It is no secret that gross monthly earnings vary considerably across the EU. On one end of the spectrum, Scandinavian countries and Northern parts of the EU 27-nation bloc are known to have both higher wages and a higher cost of living.
On the other end, Eastern EU Member States tend to see lower costs and lower wages.
A Eurostat report, in fact, shows that in 2018, median monthly earnings varied from €4,057 in Denmark to €442 in Bulgaria.
Joining Denmark at the top of the list was Luxembourg with median earnings of €3,671 per month, followed by Sweden (€3,135), Belgium (€3,092), Ireland (€3,021), Finland (€2,958) and Germany (€2,891).
At the other end of the scale, Bulgaria stood out with its median monthly earnings of €442. The countries coming closest were Romania with €700 per month, Hungary with €801 and Lithuania with €809.
Malta sits just above the EU average in 16th place at median monthly earnings of €1,787, just above Spain (€1,708) and under Italy (€2,102).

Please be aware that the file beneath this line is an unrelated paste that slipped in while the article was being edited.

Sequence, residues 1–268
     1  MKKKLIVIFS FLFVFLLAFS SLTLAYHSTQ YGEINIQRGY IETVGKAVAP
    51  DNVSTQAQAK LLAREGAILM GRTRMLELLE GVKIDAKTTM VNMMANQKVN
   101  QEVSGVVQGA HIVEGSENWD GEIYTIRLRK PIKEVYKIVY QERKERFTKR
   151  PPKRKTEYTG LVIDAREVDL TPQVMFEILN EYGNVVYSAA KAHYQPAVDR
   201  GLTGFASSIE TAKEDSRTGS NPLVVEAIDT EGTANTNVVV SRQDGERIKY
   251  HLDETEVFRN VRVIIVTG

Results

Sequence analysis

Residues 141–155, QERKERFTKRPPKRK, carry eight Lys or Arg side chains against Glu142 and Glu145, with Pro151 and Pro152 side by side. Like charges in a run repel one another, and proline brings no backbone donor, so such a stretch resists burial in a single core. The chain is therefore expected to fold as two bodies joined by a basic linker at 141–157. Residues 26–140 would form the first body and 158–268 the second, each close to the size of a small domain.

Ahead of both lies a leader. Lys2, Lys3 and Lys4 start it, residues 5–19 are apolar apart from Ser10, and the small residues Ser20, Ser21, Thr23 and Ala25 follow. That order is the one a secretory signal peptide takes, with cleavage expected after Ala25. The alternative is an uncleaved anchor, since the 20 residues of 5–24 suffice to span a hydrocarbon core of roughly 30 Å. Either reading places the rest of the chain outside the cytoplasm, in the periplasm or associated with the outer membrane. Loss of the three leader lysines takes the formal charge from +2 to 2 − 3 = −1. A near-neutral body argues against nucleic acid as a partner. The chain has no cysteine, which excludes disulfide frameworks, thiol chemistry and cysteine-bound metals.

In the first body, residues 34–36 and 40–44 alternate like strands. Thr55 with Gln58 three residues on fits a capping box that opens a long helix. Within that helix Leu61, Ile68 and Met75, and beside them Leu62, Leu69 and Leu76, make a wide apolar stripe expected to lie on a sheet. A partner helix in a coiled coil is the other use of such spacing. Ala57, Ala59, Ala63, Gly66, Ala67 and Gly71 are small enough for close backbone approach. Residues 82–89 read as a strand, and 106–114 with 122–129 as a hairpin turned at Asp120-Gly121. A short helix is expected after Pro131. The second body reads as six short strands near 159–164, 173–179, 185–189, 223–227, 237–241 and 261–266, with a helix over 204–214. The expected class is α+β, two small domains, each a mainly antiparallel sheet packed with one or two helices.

What are the best paying sectors?
In a previous Eurostat report, the most lucrative sectors within the various member states were also identified.
Where information and communication pay the most in 12 out of the 27 EU member states, and the electricity, gas, steam and air conditioning supply sector was the highest paying in six, only France, Hungary, Malta and Sweden are reported to have financial and insurance activities as the highest paying sector.
On the other end of the spectrum, Malta was alone in its construction sector recording the lowest pay, with the vast majority of nations reporting their accommodation and food services sector had the lowest pay, whereas in Malta this industry paid the second-lowest.
The report considers gross monthly earnings, referring to wages and salaries earned by employees in a reference month (generally October 2018), before the deduction of tax and social security contributions.
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